From the Gotham Gazette:
Vision 2020, New York City's plan for its waterfront, seems to offer something for every New Yorker: promenades along the shore, bucolic wetlands with lots of fish and wildlife, ferries and kayaks, industrial jobs, and new condos with waterfront views.
Looming behind the plan's picturesque images of clear skies and kayakers, however, are the waterfront views from prime real estate locations. Behind the frothy rhetoric designed to garner public support, Vision 2020 is really a business plan.
Overall the plan envisions parks and natural habitats. It also anticipates creating infrastructure that would allow industrial areas -- smaller than they once were -- to thrive. And it calls for new housing "for people of diverse income levels."
Public access, natural restoration, industrial and commercial development – all reflect the interests of those who own land on and near the waterfront. Public promenades and parks on the waterfront will be valuable amenities for luxury towers, as will the "panoramic water views of great beauty."
The few natural areas in the plan are to be in locations that are not prime targets for large-scale development such as Jamaica Bay and along the Arthur Kill on Staten Island. They will be preserved as museum-like exceptions along the 578-mile coastline that is being masterfully engineered for the fun and profit of humans. The industry and public utilities on the waterfront will be allowed to stay where they are, although the plan does not address the negative environmental impacts of these industrial areas on surrounding communities.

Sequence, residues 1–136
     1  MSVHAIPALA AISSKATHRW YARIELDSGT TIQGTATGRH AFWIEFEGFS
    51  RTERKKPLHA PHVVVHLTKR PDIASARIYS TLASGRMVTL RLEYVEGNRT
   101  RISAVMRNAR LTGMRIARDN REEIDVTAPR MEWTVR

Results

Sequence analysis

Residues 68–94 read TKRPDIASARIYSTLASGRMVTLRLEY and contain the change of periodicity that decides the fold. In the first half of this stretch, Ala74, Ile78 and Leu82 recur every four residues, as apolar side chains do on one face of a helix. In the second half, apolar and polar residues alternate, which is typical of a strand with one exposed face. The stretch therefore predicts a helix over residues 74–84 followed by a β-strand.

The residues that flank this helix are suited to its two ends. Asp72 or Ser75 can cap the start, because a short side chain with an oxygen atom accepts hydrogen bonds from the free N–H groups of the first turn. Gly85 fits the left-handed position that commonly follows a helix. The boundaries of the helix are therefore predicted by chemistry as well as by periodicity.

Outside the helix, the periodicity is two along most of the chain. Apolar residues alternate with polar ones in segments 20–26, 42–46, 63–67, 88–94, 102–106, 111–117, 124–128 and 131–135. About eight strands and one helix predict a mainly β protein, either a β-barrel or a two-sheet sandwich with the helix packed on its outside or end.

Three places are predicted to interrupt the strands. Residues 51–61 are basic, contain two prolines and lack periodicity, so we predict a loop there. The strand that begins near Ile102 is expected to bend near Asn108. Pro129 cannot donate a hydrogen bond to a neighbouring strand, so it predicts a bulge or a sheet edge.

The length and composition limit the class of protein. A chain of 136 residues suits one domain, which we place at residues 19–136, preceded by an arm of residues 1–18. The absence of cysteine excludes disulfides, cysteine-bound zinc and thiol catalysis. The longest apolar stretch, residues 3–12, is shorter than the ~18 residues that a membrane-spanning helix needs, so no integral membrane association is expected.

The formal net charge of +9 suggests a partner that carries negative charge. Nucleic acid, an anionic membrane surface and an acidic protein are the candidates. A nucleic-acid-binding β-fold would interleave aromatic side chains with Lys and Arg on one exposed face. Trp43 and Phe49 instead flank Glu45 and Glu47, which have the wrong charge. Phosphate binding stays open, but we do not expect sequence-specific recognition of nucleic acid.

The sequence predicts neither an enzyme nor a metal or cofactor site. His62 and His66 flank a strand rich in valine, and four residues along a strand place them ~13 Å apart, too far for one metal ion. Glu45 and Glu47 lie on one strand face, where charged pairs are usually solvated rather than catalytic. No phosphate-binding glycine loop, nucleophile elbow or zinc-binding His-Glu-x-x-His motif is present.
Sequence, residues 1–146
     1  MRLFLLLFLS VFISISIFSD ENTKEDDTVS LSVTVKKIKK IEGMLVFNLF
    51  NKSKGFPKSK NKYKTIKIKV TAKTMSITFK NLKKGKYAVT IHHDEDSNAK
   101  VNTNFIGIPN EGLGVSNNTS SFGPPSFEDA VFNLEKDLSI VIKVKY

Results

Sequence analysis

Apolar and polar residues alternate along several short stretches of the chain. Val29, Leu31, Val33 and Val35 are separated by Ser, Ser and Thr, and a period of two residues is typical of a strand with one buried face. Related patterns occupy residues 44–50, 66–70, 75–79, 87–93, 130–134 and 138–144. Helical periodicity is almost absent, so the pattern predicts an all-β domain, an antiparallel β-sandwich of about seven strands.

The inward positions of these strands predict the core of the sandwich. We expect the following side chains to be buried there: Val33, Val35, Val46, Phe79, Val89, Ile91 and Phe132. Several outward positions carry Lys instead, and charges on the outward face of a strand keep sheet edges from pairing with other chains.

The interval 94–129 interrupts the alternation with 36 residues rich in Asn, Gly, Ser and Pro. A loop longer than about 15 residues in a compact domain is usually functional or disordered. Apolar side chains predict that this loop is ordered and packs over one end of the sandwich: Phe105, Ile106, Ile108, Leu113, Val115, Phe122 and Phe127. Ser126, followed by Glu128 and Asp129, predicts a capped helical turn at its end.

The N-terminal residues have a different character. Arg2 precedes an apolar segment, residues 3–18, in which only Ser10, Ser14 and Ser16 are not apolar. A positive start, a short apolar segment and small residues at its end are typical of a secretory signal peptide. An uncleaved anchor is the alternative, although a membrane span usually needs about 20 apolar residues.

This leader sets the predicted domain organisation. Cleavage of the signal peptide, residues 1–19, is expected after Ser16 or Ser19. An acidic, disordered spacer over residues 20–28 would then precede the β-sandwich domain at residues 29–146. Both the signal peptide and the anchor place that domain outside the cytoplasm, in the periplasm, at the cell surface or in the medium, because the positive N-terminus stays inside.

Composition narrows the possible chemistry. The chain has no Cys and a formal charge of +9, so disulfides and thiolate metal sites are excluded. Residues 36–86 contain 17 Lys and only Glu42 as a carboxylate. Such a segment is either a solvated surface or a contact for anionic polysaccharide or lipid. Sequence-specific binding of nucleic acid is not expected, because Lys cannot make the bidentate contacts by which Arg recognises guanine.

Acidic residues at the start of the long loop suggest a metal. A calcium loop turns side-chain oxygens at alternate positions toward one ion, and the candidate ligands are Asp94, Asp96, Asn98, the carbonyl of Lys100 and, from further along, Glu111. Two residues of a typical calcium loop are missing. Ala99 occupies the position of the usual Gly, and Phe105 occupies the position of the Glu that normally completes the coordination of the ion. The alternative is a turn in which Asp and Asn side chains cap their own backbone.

In short, the city’s long-term plan for the waterfront, a revised version of the original 1992 plan, continues the trend toward conversion of the coastline from a working waterfront to prime real estate. It is perhaps fitting that the main feature in The New York Times about the city’s waterfront plan appeared in the Real Estate section.
Even with construction stalled by the recession, the article said, "The groundwork is being laid for the next great phase of waterfront development in the city." Casting a covetous eye at the Queens and Brooklyn waterfront, Jeffrey Levine of Levine Builders told the Times, "It is a great opportunity to buy land and warehouse it for development."
The 2020 plan has one important new element –- the plan to literally dive in the water. At the waterfront alliance gala, Deputy Mayor for Economic Development Robert Steel introduced this new element by calling for development not just on land but in the water. Steel said, "The waterfront is the sixth borough" -- just as important as the other boroughs. City Planning Commissioner Amanda Burden chimed in, saying, "The water is the heart of the city," a new territory to be explored. "Now is the time," she said, "to go from the water's edge into the water."
The plan envisions the waters surrounding the city to be so clean that people can swim, fish and boat in them. And it claims that more ferries and boat traffic are both possible and necessary.
Developers have sought for decades, to build out into the water using deep pilings and new buildings on piers. That also could be what going "into the water" means.
A recent show at the Museum of Modern Art proposed alternatives to address sea level rise that included salvaging waterfront real estate by essentially making it "waterproof." Is the waterfront plan helping to encourage such dubious and expensive?